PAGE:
Sunday, 31 July 2016

Please Excuse my Aunt Dramaturgy: Kevin Armento @ Edfringe 2016

The European Premiere of
Please Excuse My Dear Aunt Sally
By Kevin Armento

Pleasance Beyond, Pleasance Courtyard
Wed 3 – Sun 28 August (not Mon 15 or 22)
12.50pm (70mins)

An illicit affair between a high school maths teacher and her fifteen year-old student is told through the eyes of the student's mobile phone. 

What was your first experience of Edinburgh Fringe?
I was 20, struggling in community college, and had just arrived in London to start a semester abroad with NYU. The weekend before classes started, my cousin and her husband took me up to Edinburgh for this thing I'd never heard of called the Fringe Festival - I saw ten shows in two days, didn't sleep, and when I returned home after that semester, I dropped out of college and moved to New York to make theater.

What is the show about?
The show's about a high school student and his teacher falling in love, and is told from the point of view of the student's cell phone. It's a very intimate perspective, like a modern Greek chorus, and a surprisingly funny and adventurous one - but it also allows us to examine this kind of affair objectively, from the point of view of an inanimate object, which just might help us understand how something so seemingly unlikely, can actually be happening all around us. 

Why Fringe audiences should come and see Please Excuse My Dear Aunt Sally?
Sexy scandal, incredible physicality, and it's only 70 minutes. 
But seriously, the way these actors move through this show is unbelievable, and it's at such a breakneck pace - the entire play is a single sentence - that by the end you feel like you've gone through a tornado.

Why this title?
It's a phrase students are taught to remember how to solve large problems. 

What was the inspiration for the story of PEMDAS? 
There were a few strands of inspiration that came together at a sad time for me. I had just finished writing a screenplay with Rik Mayall, and had this commission from One Year Lease to write a play, any play I wanted. I knew I wanted to write about a teacher/student affair, because when I was in high school, a teacher I'd gotten really close to professed feelings for me. Nothing happened, but it was right in front of us. It had a profound impact on me, and how I view the prevalence of these stories in the news.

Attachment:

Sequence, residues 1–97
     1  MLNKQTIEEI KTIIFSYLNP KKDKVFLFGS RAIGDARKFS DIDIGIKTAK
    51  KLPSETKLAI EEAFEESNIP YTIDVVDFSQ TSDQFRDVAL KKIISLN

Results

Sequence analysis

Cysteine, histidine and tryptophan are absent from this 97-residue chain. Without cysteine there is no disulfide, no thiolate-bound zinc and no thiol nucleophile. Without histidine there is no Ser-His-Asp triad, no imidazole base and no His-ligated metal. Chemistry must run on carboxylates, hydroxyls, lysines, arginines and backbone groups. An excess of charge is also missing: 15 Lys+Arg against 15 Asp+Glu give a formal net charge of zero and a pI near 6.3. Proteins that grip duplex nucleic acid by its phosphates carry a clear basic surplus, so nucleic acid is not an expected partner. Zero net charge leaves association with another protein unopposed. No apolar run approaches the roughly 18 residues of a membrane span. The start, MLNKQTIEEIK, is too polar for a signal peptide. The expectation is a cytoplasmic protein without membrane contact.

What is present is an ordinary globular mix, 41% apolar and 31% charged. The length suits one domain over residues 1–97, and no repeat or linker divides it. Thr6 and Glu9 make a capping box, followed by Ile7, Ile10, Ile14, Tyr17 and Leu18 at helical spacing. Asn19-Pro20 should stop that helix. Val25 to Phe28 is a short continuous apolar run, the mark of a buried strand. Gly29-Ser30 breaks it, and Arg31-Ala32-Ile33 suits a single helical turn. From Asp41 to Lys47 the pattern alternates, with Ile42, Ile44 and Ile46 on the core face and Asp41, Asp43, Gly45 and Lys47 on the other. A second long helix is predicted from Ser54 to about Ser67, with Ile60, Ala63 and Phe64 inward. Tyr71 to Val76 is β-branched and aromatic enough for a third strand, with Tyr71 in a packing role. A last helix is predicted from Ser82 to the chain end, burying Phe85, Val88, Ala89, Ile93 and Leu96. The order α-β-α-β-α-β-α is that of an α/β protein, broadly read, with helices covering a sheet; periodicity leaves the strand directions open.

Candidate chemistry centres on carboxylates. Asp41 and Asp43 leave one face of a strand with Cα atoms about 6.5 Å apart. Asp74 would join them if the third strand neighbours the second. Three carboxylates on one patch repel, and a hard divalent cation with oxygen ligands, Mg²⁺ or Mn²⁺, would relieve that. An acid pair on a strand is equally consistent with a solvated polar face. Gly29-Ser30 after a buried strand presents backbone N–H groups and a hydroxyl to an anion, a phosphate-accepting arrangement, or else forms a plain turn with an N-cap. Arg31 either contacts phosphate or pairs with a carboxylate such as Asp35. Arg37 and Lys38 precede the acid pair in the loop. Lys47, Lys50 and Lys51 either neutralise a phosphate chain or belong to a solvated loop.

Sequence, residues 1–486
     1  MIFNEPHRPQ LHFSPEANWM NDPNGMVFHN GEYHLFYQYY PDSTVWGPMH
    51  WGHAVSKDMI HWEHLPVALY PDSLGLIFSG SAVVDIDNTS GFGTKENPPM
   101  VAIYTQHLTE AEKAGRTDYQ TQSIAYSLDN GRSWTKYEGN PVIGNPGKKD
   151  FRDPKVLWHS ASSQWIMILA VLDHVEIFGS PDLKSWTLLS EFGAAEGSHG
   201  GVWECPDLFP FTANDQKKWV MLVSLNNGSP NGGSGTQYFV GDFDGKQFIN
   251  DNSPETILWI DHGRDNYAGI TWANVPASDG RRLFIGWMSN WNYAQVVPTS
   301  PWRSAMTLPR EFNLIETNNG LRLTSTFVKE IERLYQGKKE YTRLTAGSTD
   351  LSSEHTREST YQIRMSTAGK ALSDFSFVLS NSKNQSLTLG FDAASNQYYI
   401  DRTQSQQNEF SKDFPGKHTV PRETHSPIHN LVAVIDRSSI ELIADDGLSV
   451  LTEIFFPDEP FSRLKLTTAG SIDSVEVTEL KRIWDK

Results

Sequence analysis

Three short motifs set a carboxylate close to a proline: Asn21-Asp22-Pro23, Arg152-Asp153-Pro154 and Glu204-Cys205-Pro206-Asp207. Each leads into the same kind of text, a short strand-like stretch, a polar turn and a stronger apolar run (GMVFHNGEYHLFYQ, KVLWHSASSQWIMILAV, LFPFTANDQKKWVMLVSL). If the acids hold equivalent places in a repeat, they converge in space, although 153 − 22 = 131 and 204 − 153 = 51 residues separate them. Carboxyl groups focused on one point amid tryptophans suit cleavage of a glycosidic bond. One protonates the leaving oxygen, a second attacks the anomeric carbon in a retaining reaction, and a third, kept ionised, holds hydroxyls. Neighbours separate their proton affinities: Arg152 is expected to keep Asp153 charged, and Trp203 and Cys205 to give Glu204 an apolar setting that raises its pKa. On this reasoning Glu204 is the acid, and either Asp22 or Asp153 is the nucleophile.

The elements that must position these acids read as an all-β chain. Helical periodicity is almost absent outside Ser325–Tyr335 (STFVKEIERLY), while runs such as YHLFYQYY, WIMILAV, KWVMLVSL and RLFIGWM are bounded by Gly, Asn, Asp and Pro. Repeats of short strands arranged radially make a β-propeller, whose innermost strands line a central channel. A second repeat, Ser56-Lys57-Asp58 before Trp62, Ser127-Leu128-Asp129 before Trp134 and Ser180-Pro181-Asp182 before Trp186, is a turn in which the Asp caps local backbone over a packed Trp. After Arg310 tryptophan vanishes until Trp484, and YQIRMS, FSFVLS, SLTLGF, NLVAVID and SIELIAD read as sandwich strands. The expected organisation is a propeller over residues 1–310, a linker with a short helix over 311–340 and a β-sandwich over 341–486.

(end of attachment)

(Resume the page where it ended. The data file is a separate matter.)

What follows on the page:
Anyway, so I had the story, but I was really stuck, because I didn't just want it to be a piece about how teachers and students shouldn't fuck. I wanted to unpack it, and look at it in an unexpected way, to better understand how it happens. And I just couldn't find an interesting way in.

Well then I landed in LA, and got a call that Rik had just died. It was so sudden, and such a shock. We had literally just finished this script a few months earlier. My partner and I in New York had made three long trips out there to work with Rik at his house, and we'd gotten so close. On one of the trips, his family made us an American Thanksgiving meal, and we stayed up all night together.

It was now the last thing he would ever write. A modern adaptation of Oliver Twist, in which Rik was to play Fagin as an unruly iPhone app who teaches kids how to steal. Now we had no idea what, if anything, we could do with it.

We still don't know what will come of that script, but it was what gave me my way in for PEMDAS. I wrote the play a couple weeks later, realizing that looking at that same story from the point of view of the boy's cell phone suddenly opened it up to become a whole new play. A more honest one, a funnier one, and I hope, a more compelling one.

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